Can telehealth fill gap in autism services?


Parents struggling to find and afford therapy for their child with autism may eventually be able to provide that therapy themselves with the help of telehealth training.

Photo: Woman and a girl painting together; Copyright: Michigan State University

Research led by Michigan State University's Brooke Ingersoll (right) indicates telehealth training for parents of children with autism can improve the children's social communication and the parents' competence; © Michigan State University

Findings from a federally funded pilot study on telehealth training at Michigan State University (MSU) show the online program successfully helped parents of children with autism improve their child's social communication using research-based intervention techniques. The results are published online in the international journal Autism and in the Journal of Autism and Developmental Disorders.

Further research is under way at MSU, but the findings offer hope that telehealth - or the delivery of health services and information via the Internet and related technologies - can fill a massive need. The prevalence of autism has increased dramatically in the past two decades without a corresponding growth in the availability of intervention services for parents.

"We now have good preliminary evidence that telehealth can increase access to parent training interventions for families of young children with autism spectrum disorder," said Brooke Ingersoll, lead investigator on the study. "The ultimate goal is to use these types of methods to assist parents who live in rural and medically underserved areas, underrepresented groups, and even countries that don't have the infrastructure for more intensive service delivery."

Ingersoll, MSU associate professor of psychology and a licensed psychologist, has spent more than 15 years researching potential solutions for families of children with autism. The pilot study was funded by the Department of Defense's Congressionally Directed Medical Research Programs, which has made autism one of its priorities.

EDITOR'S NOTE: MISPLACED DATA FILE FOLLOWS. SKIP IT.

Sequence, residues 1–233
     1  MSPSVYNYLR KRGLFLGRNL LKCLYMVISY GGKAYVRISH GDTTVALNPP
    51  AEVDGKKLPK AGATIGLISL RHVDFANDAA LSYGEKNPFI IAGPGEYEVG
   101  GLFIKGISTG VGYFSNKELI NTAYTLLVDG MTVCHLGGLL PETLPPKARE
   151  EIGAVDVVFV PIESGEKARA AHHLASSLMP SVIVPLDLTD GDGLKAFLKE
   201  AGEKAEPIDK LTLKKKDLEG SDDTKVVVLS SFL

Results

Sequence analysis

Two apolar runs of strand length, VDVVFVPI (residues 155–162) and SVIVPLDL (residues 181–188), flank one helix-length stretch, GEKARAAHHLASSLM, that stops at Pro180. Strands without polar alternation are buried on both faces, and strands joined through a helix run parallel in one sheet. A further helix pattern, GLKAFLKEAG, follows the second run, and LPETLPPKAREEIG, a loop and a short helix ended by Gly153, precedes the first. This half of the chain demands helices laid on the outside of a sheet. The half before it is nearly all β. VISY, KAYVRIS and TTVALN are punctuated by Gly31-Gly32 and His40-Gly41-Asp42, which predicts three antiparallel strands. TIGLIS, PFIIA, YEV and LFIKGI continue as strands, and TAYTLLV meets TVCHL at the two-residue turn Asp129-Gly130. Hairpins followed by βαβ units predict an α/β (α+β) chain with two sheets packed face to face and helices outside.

The study involved 28 parents of children with autism. All parents completed one 75-minute self-directed online lesson per week, for a total of 12 weeks, and practiced the intervention techniques with their child. Half of the parents also received two 30-minute coaching sessions per week (24 total) from a therapist via video-conferencing.

Results indicate that telehealth training benefited parents and children in both groups. Parents saw improvement in their child's social communication skills and their own competence regardless of which group they were in, although parents who received therapist assistance made greater gains in their ability to use the intervention techniques. Ingersoll noted that therapist assistance would come at a higher cost and be available only during certain times of day.

With her current research, Ingersoll is trying to understand which level of training intensity may be best for different families in order to develop a stepped-care model. That project is funded by the U.S. Health Resources and Services Administration, which is part of the U.S. Department of Health and Human Services.

"The general idea of stepped-care is that you can have low-intensity, low-cost service available to all families in the form of self-directed parent training, and then parents who need more support in learning the intervention techniques can be provided with coaching via videoconferencing. The key is to identify which families will need more support in order to benefit from telehealth training."

In the pilot study, parents in both groups also saw improvements in their stress levels - an important finding, Ingersoll noted, as parents of children with autism often experience higher stress than other parents.

"Parents of children with autism can be highly stressed and oftentimes it's because they don't know how to communicate with their child. Many parents feel at a loss. So by giving them the skills to help communicate and engage with their child, it improves their sense of competence and decreases their stress."

Ultimately, telehealth has improved care for people with chronic diseases and increased access to health information in other fields. The potential is there for autism as well.

"There is a lot of excitement about the use of telehealth technology for autism spectrum disorder, but at the same time we still need more research and information on how to best deliver it," Ingersoll said.

Her fellow researchers include MSU graduate students Katherine Pickard, Allison Wainer and Natalie Berger.; Source: Michigan State University

More about the Michigan State University at: